Wednesday, September 8, 2010

Interesting Article on Homeless People and Debit Cards from the Toronto Star

A friend shared this article with me and it reminded me of a recent incident I had with a homeless person in New York...

As I was waiting at a bus stop, I overhear a man, who appears to be homeless, "grunt" something about wanting food. I had just gone to the fruit market and thought I would share it with this man. It took me a little while to offer it to him because he continued to mumble and grunt on about certain things that were slightly alarming/frightening... However, I finally decided to speak to him. As I offered him my bag of grapes, I asked if he'd like any fruit and the man's response was -- " why would I want your food - I don't know where you got it... you could have picked it out from a trash can and who knows what else your food has touched ... it may kill me! I would rather you give me money so I can buy things that I choose." Needless to say, I was in shock and had no response or comment to offer this man, so I continued to stand there waiting for the bus.

So the article below reminds me of this most recent incident -- and how, perhaps, if you are considering helping a homeless person with their requests -- in lieu of food and "hard" cash, you can offer someone a prepaid card to buy what they need (at least you know they will be using it for a pre-determined purpose). Anyhow, enjoy the article!

Joanne Mitchell, 60, and an acquaintance panhandle at a subway entrance at Union Station.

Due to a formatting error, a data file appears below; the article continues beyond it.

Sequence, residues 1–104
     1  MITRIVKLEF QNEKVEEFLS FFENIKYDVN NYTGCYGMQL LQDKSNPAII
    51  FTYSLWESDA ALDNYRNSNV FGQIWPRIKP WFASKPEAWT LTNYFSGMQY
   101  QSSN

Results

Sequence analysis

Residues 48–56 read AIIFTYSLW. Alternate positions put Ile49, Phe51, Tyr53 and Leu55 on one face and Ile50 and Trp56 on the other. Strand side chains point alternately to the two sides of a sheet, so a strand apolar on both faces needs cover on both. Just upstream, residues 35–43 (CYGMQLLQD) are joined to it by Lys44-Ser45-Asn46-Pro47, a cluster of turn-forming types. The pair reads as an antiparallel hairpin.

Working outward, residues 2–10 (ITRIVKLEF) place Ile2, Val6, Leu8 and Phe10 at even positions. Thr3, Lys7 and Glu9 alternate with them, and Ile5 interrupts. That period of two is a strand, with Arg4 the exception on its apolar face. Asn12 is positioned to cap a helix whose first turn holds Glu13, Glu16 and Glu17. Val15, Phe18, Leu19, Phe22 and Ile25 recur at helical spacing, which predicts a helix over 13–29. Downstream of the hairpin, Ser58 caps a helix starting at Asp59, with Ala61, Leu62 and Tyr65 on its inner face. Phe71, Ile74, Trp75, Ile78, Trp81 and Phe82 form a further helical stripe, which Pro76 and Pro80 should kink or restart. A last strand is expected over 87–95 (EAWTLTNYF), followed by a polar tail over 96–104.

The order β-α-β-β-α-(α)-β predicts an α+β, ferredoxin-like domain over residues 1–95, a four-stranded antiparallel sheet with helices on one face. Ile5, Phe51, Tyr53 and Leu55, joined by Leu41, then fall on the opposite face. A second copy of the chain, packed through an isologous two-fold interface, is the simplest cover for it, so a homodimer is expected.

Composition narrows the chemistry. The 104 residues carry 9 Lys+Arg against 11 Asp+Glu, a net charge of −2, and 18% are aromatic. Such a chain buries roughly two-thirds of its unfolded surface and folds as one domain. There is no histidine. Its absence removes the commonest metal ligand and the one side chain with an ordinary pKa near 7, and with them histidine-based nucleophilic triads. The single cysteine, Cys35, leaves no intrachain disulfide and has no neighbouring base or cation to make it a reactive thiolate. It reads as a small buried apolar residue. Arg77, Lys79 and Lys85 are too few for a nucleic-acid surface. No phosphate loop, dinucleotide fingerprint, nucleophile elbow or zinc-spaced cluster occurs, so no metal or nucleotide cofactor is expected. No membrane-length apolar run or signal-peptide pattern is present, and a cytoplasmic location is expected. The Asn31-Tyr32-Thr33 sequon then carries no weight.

Joanne Mitchell, 60, and an acquaintance panhandle at a subway entrance at Union Station.

PHOTO AND STORY BY Jim Rankin/Toronto Star, Jim Rankin Staff Reporter

What would happen if, instead of spare change, you handed a person in need the means to shop for whatever they needed? What would they buy? Can you spare your credit card, sir?

In New York City, an advertising executive recently handed over her American Express Platinum Card to a homeless Manhattan man after he had asked her for change. The man, who had been without home after losing a job, used the card to buy $25 worth of deodorant, water and cigarettes. And then he returned the card.

Concerns over the wisdom of sharing of credits cards and credit card fraud aside, the unlikely encounter became a talking point — a feel-good story about, as the New York Post put it in a headline: “A bum you can trust — honest!”

Is that such a surprise?

Over the past two weeks, I wandered Toronto’s downtown core with five prepaid Visa and MasterCard gift cards, in $50 and $75 denominations, waiting for people to ask for money.

When they did, I asked them what they needed. A meal at a restaurant, groceries, a new pair of pants, they said. I handed out the cards and asked that they give them back when they’d finished shopping. I either waited at a coffee shop while they shopped or — in the case of those who could not buy what they needed nearby or were reticent about leaving their panhandling post — I said I’d return on another day to pick up the card. That’s when I would reveal that I was a journalist.

Some were unbelieving at first. All were grateful. Some declined the offer. Some who accepted didn’t come back, but those that did had stories to tell.

Early afternoon on Queen Street West. A young man with a short orange Mohawk haircut and a Superman tattoo on his left shoulder sat alone on the sidewalk, a skateboard at his side. A song by Michelle Shocked comes to mind, in which she asks: “What’s it like to be a skateboard punk rocker?”


His panhandling sign read: “Too ugly to prostitute. Spare some change.”

I asked him what he needed.

“Food would be nice.”